“What must thou do?” Setheris snorted laughter. “Thou must be emperor, boy. Must rule all the Elflands and banish thy kindred as thou seest fit. Why com’st thou whining to me of what thou must do?”
“Because I don’t know.”
“Moon-witted hobgoblin,” Setheris said, but it was contempt by reflex; his expression was abstracted.
“Yes, cousin,” Maia said meekly.
After a moment, Setheris’s eyes sharpened again, but this time without the burning anger. “Thou wish’st advice?”
“Yes, cousin.”
“Come in,” Setheris said, and Maia entered his cousin’s bedchamber for the first time.
It was as austere as Setheris himself—no mementoes of the Untheileneise Court, no luxuries. Setheris waved Maia to the only chair and himself sat on the bed. “Thou’rt right, boy. The wolves are waiting to devour thee. Hast thou the letter?”
“Yes, cousin.” Maia handed Setheris the letter, now rather crumpled and the worse for wear. Setheris read it, frowning again, but this time his ears were cocked thoughtfully. When he had finished, he folded the letter neatly, his long white fingers smoothing the creases. “He presumes much, does Uleris.”
“He does?” And then, realizing: “Dost know him?”
“We were enemies for many years,” Setheris said, shrugging it aside. “And I see he has not changed.”
“What mean’st thou?”
“Uleris has no reason to love thee, boy.”
“He says he’s loyal.”
“Yes. But loyal to what? Not to thee, for thou art merely the last and least favored child of his dead master, who wished thee not on the throne, as well thou know’st. Use thy wits, boy—an thou hast any.”
“What do you mean?”
“Merciful goddesses, grant me patience,” Setheris said ostentatiously to the ceiling. “Consider, boy. Thou art emperor. What must thou do first?”
“Cousin, this is not the time for riddles.”
“And it is not a riddle I pose thee.” Setheris shut his mouth and glared at him, and after a moment, Maia realized.
“The coronation.”
“Ha!” Setheris brought his hands together sharply, making Maia jump. “Exactly. So why, I ask thee, does thy coronation not figure largely in Uleris’s plans or, indeed, at all?”
“The funeral—”
“No! Thou think’st as a child, not as an emperor. The dead are dead, and they care not for the honor Uleris prates of, as well he knows. It is the living power that must concern thee, as it concerns him.”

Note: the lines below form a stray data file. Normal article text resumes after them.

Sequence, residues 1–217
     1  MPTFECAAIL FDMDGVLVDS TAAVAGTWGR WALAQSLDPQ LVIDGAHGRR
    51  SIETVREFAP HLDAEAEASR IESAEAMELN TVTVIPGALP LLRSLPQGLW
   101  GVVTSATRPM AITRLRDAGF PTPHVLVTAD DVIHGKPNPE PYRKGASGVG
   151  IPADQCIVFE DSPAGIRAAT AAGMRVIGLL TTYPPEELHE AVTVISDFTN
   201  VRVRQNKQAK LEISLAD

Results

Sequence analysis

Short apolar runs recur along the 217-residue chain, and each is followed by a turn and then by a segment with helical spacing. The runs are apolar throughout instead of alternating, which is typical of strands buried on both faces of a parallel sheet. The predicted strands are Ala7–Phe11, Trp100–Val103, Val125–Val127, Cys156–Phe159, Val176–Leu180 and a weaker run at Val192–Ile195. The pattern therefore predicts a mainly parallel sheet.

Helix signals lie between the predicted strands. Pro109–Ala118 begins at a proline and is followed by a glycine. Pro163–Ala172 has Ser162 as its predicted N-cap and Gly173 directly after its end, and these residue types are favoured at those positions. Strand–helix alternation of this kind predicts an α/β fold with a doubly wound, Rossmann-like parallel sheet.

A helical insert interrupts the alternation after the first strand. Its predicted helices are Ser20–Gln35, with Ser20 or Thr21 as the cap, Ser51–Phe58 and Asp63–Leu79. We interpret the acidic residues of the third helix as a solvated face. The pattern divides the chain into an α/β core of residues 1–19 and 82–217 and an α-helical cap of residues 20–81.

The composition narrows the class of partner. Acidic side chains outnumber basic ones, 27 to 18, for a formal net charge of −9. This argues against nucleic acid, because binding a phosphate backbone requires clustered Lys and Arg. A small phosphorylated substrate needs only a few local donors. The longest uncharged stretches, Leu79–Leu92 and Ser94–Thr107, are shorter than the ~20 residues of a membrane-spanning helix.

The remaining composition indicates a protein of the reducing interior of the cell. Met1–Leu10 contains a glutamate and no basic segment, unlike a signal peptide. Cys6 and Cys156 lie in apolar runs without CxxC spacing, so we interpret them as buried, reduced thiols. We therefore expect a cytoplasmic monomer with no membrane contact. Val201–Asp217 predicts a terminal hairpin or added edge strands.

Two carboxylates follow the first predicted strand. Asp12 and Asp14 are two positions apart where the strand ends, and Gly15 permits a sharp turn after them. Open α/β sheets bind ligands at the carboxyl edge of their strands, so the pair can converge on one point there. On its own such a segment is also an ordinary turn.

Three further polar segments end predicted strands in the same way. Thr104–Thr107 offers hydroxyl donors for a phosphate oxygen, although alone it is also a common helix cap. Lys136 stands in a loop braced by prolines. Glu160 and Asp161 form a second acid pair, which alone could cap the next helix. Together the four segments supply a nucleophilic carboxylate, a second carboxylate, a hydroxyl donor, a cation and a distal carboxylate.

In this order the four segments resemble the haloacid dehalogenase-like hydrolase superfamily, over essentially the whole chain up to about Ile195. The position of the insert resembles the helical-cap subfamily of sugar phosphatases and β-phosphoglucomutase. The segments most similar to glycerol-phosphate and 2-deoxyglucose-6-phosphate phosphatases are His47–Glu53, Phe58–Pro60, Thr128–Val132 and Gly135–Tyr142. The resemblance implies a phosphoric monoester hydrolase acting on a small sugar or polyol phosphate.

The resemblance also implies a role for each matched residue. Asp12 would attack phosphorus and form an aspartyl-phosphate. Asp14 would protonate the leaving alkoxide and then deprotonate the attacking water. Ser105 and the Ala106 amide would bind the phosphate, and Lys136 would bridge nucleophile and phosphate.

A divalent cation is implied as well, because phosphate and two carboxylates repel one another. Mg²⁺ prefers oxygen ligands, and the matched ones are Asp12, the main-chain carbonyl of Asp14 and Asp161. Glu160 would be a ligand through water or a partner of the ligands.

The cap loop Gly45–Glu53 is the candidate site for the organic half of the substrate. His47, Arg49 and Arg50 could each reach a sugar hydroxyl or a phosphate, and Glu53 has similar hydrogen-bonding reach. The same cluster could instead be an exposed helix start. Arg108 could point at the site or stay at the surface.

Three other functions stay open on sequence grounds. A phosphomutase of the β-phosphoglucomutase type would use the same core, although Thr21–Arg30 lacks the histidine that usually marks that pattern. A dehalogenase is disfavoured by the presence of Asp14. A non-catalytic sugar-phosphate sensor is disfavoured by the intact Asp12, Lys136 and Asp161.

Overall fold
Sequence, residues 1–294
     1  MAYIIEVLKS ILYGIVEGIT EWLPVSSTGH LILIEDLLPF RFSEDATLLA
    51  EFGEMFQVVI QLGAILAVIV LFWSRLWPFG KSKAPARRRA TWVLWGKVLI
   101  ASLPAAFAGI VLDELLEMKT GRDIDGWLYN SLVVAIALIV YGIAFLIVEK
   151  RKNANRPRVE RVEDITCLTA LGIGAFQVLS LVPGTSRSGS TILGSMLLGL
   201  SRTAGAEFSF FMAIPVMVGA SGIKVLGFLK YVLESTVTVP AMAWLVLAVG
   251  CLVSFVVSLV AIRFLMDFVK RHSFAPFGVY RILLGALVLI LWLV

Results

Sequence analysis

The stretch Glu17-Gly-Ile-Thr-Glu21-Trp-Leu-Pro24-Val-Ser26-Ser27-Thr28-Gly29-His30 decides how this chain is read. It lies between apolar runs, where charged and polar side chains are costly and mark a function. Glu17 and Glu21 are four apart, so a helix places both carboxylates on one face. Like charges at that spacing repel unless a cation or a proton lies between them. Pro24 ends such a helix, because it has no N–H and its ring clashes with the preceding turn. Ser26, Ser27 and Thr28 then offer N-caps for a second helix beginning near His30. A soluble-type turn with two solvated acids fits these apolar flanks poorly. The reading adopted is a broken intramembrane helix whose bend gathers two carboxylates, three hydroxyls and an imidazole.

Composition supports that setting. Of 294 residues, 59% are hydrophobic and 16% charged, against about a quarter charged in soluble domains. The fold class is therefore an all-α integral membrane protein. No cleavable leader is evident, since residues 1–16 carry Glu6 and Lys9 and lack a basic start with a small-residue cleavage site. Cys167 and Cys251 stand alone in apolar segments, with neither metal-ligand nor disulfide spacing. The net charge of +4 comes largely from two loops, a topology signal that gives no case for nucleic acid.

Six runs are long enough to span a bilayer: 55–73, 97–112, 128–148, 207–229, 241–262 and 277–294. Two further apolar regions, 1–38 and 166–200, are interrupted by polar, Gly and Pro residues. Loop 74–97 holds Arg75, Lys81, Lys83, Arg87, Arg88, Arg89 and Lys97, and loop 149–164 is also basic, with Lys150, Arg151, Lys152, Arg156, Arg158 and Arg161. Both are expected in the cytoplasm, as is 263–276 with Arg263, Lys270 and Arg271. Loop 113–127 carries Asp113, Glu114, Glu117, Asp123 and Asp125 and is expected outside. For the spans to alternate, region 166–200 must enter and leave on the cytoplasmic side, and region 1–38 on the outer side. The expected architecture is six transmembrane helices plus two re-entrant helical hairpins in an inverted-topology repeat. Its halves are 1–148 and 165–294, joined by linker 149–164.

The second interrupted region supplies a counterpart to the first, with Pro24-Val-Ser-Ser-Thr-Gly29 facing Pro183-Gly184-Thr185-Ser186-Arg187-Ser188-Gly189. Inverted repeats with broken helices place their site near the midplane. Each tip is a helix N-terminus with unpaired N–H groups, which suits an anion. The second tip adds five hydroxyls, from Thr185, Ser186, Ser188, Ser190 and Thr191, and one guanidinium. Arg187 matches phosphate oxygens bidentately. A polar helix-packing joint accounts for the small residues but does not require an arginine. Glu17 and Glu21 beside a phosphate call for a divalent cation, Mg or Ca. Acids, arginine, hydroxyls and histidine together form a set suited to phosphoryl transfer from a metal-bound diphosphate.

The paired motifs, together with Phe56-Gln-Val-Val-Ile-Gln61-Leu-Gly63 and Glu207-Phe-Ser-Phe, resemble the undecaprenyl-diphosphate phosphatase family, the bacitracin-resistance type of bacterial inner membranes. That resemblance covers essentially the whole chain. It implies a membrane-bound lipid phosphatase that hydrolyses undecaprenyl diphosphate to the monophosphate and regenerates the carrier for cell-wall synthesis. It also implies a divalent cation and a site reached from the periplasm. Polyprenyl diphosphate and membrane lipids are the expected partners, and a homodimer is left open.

Think, boy,” Setheris said, leaning forward, his cold eyes alight with fervor. “If thou art capable—if thou hast ever thought before in thy life—think. Thou com’st to the Untheileneise Court, the funeral is held. What then?”
“I speak to … oh.”
“Thou seest.”
“Yes.” Better than Setheris might care to realize, for it was at his cousin’s hands that Maia had learned this particular lesson; by waiting, he put himself in the position of a supplicant to Chavar, and supplicants could always be denied. “Then what must I do?”
Setheris said, “Thou must countermand Uleris. Meaning that thou must reach the Untheileneise Court before he has time to entrench himself.”
“But how can I?” It took most of a week to reach the court from Edonomee.
“Airship,” Setheris said as if it were obvious.
Maia’s stomach knotted. “I couldn’t.”
“Thou must. Or thou shalt be a puppet dancing at the end of Uleris’s strings, and to a tune of his choosing. And thy nineteenth birthday may very well see thee dead.”
Maia bowed his head. “Yes, cousin.”
“The airship that brought Chavar’s lapdog here can take us back. They’ll be waiting for him. Now, go. Make thyself fit to be seen.”
“Yes, cousin,” Maia said, and did not contest Setheris’s assumption that he would be traveling to the court with the new emperor.

Copyright © 2014 by Katherine Addison

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Customer Reviews

Average Rating 4.5
( 6 )
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Sort by: Showing all of 6 Customer Reviews
  • Posted April 6, 2014

    This book has been getting glowing reviews all over the place an

    This book has been getting glowing reviews all over the place and I have to admit, I was afraid it wouldn't live up to those reviews. Fortunately, they all focus on the same thing: the excellence of the world-building, the subtlety of characterization and the sheer likability of the protagonist, Maia, the goblin emperor of the title.

    This is a story about the value of simple kindness and the importance of staying true to who you are. The writing is so clean and clear that it's possible not to notice it (and I always notice the writing), and the story itself is so rich that I start re-reading it the day after I finished it. The layers support that; there were things I missed in my original read that I'm noticing now.

    I highly recommend this book. It's lovely.

    3 out of 3 people found this review helpful.